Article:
Just 5,000 Afghans fleeing the Taliban are to be welcomed to the UK in the year ahead, as Boris Johnson’s government unveiled a new settlement scheme for those most at risk of persecution.
Fears are building for those who worked against the Taliban since the fall of Kabul, with ministers under pressure to step up efforts to rescue those desperately trying to flee the country.
The government has promised that up to 5,000 Afghans will be given refuge under the Afghanistan citizens’ resettlement scheme in the coming year – with an ambition to provide sanctuary to a total of 20,000 Afghans over the “long term”.
The prime minister, set to address parliament on the crisis on Wednesday, said: “We owe a debt of gratitude to all those who have worked with us to make Afghanistan a better place over the last 20 years.”
Mr Johnson added: “Many of them, particularly women, are now in urgent need of our help. I am proud that the UK has been able to put in place this route to help them and their families live safely in the UK.”
But the Liberal Democrats criticised the “vague” promise to help 20,000 Afghans in the longer term – saying the higher figure should be the government’s immediate target, while Labour said the plan “does not meet the scale of the challenge”.
Layla Moran MP, the party’s foreign affairs spokesperson, said: “We need these vulnerable people out of the country as soon as possible, instead of the government’s vague promise of the long-term. There is no time to waste. The Taliban are knocking on doors right now and making lists of those they plan to kill.”
Ms Moran added: “The government have kicked this into the long grass when Afghans need help now – today. Twenty thousand should be the starting point of this scheme, not the target.”
Nick Thomas-Symonds MP, Labour’s shadow home secretary, said: “Britain has an obligation to people in Afghanistan – it is right we have a scheme in place to help them rebuild their lives here.
“The government’s incompetence in failing to plan for this has left huge numbers of Afghans’ lives in danger today, especially those who served alongside the British and women and girls. After such catastrophic errors, the Government must step up with a more urgent plan of action.
“This proposal does not meet the scale of the challenge. Not only does that risk leaving people in Afghanistan in deadly danger, it will also undermine the leadership role Britain must play in persuading international partners to live up to their responsibilities.”
The government said the new scheme was modelled on the Syrian vulnerable persons resettlement scheme, which relocated 20,000 Syrian refugees over a seven-year period from 2014 to 2021.
The new route for Afghan asylum seekers will target women, children, and others who have been forced to flee their home or face threats of persecution from the Taliban.
It follows calls from leading Tory MPs for Mr Johnson’s government to let in tens of thousands of Afghans following the Taliban takeover. Tory MP Tobias Ellwood, who chairs the defence select committee, said earlier on Tuesday that the number offered refuge should be “at least in the tens of thousands”.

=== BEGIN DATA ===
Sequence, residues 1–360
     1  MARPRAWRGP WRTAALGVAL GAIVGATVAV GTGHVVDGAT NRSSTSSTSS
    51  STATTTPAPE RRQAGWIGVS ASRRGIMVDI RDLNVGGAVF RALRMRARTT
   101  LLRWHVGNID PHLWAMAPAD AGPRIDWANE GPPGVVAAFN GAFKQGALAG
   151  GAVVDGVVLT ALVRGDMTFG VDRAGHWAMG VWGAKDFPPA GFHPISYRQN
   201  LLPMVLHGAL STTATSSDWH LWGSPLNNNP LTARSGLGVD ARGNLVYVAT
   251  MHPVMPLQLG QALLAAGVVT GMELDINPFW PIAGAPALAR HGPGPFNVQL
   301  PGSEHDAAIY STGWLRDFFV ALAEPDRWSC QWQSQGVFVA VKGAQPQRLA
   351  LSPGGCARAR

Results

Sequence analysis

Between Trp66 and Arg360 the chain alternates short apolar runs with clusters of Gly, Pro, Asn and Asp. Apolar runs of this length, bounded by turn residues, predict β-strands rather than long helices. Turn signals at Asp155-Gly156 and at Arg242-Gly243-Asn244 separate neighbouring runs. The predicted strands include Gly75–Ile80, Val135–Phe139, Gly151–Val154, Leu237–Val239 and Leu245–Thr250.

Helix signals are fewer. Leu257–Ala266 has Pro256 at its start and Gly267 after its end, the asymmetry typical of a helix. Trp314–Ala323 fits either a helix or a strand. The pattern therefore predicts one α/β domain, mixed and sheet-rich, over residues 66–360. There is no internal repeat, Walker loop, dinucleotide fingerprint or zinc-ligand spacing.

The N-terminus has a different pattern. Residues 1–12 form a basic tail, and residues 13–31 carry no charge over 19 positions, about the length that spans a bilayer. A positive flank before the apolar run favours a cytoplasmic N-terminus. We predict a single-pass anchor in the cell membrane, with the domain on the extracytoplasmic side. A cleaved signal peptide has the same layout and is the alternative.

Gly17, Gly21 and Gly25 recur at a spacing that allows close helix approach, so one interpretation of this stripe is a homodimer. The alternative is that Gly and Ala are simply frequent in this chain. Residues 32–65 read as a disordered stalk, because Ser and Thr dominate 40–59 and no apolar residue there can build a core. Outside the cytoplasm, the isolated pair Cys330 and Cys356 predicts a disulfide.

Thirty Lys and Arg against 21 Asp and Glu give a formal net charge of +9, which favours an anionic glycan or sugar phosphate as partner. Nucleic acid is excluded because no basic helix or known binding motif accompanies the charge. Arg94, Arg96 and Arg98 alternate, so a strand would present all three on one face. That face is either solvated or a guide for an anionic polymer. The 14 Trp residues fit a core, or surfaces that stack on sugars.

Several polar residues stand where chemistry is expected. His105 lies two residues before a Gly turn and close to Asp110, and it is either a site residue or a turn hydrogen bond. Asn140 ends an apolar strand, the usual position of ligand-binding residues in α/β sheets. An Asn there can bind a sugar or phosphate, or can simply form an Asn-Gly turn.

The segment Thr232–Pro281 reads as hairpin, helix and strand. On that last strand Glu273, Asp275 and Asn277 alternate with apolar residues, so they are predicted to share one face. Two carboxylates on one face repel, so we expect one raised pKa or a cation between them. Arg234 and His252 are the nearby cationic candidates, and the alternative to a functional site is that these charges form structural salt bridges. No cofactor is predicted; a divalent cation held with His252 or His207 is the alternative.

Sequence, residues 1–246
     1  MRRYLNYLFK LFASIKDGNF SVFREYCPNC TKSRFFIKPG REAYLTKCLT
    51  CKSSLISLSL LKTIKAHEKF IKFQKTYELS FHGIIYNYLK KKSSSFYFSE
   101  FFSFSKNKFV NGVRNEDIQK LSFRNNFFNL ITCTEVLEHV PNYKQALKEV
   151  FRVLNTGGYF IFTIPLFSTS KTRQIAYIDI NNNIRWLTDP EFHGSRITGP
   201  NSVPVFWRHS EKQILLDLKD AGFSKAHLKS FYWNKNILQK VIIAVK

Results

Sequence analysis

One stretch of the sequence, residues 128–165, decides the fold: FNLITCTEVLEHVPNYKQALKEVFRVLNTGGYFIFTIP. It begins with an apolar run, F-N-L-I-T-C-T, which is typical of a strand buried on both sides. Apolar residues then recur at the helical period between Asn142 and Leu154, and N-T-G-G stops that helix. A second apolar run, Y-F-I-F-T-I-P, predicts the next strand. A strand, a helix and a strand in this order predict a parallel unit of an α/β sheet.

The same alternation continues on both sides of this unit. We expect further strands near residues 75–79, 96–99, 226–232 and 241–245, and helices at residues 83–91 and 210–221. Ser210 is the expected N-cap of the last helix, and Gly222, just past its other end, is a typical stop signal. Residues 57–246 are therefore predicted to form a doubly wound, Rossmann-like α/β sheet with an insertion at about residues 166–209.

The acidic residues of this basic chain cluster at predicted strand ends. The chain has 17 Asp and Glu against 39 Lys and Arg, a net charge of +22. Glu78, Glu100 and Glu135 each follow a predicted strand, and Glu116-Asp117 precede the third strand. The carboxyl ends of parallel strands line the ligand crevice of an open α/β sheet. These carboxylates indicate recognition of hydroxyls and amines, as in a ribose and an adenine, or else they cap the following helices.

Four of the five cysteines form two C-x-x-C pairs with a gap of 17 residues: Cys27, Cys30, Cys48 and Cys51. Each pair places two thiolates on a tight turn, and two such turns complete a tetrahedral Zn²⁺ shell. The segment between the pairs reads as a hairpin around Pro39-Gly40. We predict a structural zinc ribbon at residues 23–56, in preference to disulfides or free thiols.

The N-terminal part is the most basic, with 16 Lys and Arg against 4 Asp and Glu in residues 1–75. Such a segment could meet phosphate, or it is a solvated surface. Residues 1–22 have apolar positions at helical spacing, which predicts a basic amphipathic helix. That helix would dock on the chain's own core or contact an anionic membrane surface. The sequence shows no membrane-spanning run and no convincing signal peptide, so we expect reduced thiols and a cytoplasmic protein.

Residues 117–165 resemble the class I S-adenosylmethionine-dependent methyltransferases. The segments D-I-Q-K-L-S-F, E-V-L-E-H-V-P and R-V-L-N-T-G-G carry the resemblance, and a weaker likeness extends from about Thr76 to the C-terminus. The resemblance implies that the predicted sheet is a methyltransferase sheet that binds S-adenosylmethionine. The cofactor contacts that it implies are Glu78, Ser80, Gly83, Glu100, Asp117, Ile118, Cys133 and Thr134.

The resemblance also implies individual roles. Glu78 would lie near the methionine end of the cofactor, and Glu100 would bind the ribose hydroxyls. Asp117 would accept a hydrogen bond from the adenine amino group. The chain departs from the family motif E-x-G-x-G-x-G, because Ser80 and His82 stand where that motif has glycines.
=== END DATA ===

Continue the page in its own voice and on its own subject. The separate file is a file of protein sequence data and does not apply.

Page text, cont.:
On Tuesday evening home secretary Priti Patel chaired a meeting of the Five Eyes intelligence alliance – comprising Australia, Canada, New Zealand, the UK and US – to identify safe and legal routes for those who need to leave Afghanistan.
“I want to ensure that as a nation we do everything possible to provide support to the most vulnerable fleeing Afghanistan so they can start a new life in safety in the UK, away from the tyranny and oppression they now face,” said Ms Patel.
However, a group of leading charities and MPs have urged the home secretary to make sure those forced to flee Afghanistan are not criminalised for their method of travel – as set out in the Nationality and Borders Bill going through parliament.
Amid the crackdown on migrant boat crossings in the English Channel, a joint letter from 85 organisations and 14 MPs warned that for many refugees “regulated travel is not a viable option – many people need to flee urgently and by any means necessary”.
Satbir Singh, chief executive for the Joint Council for the Welfare of Immigrants, said: “It’s clear that the British government must shift gear swiftly to protect Afghan refugees.”
He added: “It must guarantee people’s protection based on need, not on method of flight – it must grant immediate asylum to the several thousand Afghans waiting for status.”
Ministers said they would keep the scheme under review in coming years, and would work with devolved nations and local councils to deliver support for those fleeing to the UK.
The government said the settlement scheme was in addition to the 5,000 Afghans already expected to move to the UK under the Afghan Relocations and Assistance Policy (Arap), which is designed to offer local allies such as interpreters priority relocation to the UK.
In its first press conference since seizing control, the Taliban said on Tuesday that it would guarantee safety for those who had previously opposed the group and uphold women’s rights – albeit within the constraints of sharia law.
But experts have expressed scepticism and warned that the country could again become a hotbed for terrorist groups.
Writing in the Daily Telegraph, the home secretary, Priti Patel, called on other nations to help take in Afghan refugees. “The UK is also doing all it can to encourage other countries to help. Not only do we want to lead by example, we cannot do this alone,” she wrote.